Structural Shift in the Personal Care Industry - Spas and the Beauty Business in a Downturn
By Jacqueline Clarke Wellness Research Director, Diagonal Reports | November 14, 2009
Many hotel spa operators are facing their first significant economic downturn. The first because many hotel spas are new, and hotel spas were among the pioneers of the new spa industry that has developed in the past decade around the world.
How is the spa industry faring? The newness of this industry means there is no directly comparable historical data. Further in a fragmented spa market data is scarce. This article looks at the performance of a mixed bag of broadly comparable businesses, that is beauty and personal care, to give a flavour of the disparate industry.
An often expressed view in the beauty industry in late 2008 to the first indications of a serious downturn was to roll out the "lipstick theory." That is that any future downturn would see the core consumers of beauty, women, sustain the market by spending on minor indulgences, such as lipstick.
The lipstick theory derives its name from an explanation propounded by Estee Lauder to explain the rise in luxury lipstick sales during a downturn at turn of the century. Though luxury lipsticks might not be the product, the fundamentals of the theory are a guide to consumer behaviour. That is, that beauty is necessary treat for many consumers.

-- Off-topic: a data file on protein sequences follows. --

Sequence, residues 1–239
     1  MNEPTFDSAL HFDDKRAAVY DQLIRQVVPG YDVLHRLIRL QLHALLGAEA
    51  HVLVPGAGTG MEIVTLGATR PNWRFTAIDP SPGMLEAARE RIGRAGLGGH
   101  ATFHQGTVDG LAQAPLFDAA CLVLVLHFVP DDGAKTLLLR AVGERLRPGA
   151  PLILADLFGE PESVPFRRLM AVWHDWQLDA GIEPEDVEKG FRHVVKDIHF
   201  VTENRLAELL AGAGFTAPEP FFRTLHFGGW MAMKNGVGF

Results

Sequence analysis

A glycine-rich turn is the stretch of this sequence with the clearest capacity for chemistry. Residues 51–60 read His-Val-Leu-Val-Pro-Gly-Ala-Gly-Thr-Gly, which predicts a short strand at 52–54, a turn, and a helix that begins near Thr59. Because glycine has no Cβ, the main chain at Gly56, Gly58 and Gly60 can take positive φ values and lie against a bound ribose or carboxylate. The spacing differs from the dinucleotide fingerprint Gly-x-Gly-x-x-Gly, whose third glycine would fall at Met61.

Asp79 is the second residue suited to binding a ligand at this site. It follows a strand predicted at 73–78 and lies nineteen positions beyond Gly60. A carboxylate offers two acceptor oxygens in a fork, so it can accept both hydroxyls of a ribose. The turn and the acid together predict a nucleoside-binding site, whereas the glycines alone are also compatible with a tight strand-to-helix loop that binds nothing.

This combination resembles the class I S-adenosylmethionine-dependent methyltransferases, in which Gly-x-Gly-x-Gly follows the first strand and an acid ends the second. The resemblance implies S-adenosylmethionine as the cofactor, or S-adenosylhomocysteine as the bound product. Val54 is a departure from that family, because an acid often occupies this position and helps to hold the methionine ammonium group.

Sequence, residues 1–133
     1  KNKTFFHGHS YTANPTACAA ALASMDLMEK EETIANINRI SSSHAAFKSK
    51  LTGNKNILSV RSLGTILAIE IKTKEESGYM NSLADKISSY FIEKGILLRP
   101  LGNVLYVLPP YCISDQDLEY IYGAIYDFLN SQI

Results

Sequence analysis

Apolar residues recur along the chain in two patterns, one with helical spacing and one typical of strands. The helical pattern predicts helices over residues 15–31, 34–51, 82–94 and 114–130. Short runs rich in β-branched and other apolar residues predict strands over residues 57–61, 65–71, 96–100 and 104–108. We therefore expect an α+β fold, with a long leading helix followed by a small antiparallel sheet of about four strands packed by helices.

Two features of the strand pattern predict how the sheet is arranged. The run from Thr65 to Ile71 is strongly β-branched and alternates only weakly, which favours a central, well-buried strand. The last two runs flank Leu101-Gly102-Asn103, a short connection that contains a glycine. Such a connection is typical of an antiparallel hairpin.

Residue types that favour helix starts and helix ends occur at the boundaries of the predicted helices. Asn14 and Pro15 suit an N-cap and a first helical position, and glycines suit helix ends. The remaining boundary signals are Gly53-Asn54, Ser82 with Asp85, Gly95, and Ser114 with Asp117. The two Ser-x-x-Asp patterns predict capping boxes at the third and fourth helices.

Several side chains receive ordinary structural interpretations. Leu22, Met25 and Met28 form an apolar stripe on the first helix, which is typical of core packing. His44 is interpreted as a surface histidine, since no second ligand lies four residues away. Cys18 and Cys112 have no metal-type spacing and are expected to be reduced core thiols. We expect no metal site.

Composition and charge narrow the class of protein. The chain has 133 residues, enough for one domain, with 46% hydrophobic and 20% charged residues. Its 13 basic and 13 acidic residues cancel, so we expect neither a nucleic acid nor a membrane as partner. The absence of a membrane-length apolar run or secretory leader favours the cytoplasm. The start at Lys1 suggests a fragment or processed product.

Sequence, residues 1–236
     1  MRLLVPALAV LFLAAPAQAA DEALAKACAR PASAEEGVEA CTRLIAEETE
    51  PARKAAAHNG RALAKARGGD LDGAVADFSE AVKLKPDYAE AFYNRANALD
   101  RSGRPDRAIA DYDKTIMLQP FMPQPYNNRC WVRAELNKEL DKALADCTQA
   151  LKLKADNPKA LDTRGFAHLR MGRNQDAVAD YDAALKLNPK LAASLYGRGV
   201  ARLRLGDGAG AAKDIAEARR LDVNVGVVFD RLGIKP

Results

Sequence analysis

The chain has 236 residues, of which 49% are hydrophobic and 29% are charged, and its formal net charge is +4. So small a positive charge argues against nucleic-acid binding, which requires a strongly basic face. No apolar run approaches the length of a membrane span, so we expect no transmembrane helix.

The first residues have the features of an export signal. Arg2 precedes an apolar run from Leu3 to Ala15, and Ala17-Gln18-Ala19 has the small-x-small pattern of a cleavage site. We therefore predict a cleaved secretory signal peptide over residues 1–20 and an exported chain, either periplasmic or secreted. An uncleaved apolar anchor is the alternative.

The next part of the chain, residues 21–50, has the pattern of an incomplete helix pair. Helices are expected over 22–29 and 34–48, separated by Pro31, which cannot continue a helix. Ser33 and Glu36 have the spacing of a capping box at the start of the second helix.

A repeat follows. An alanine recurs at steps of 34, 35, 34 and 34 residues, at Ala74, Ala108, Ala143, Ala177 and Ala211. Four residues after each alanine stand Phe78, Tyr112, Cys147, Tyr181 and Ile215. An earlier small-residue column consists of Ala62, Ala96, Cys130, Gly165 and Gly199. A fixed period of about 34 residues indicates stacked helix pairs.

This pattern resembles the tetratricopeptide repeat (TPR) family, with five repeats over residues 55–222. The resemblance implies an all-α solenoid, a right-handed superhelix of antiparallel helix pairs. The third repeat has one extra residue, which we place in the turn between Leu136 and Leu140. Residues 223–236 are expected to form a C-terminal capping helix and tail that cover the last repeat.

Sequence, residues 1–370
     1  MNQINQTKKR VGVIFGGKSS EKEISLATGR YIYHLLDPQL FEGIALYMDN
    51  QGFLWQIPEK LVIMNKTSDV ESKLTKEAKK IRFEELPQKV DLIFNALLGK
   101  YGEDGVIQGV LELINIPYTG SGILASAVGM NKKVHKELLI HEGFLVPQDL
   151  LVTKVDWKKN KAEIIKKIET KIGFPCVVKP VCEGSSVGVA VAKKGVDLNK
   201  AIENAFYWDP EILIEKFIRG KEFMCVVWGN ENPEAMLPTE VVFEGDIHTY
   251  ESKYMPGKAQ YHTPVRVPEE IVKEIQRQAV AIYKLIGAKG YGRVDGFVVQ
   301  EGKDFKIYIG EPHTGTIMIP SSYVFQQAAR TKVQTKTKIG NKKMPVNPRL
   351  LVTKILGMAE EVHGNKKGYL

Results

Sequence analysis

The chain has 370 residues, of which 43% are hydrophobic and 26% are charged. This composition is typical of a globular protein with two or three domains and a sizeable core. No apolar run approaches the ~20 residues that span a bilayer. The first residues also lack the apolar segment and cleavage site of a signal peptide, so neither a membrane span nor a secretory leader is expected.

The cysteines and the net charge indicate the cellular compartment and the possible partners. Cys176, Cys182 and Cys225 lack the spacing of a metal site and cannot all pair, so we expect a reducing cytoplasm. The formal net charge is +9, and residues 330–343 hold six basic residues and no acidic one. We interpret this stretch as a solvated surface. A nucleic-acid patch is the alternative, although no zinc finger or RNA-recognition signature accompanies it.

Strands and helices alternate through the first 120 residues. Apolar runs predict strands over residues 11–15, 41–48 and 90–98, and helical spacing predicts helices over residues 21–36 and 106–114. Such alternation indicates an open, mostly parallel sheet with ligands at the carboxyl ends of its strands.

Some companies in very different markets from North America to Europe have bucked the trend and report no change in sales to date in 2009, compared to 2008. These companies attribute their performance to their offer of, what are, relatively inexpensive treats (what in the USA they call "little goodies," and in France "petits bonheurs".)
The USA company represents the, so-called, beauty kiosks. That is small unit offering various beauty and body care treatments that are located inside of high volume commercial centres across North America. The performance of the kiosk beauty formula, which was first rolled out in the USA in 2007, contrasts with the performance of the wider professional beauty market. According to one leading company ––L'Oreal–– US beauty salons, day spas, and medspas registered a reduction in footfall to date (first half) in 2009.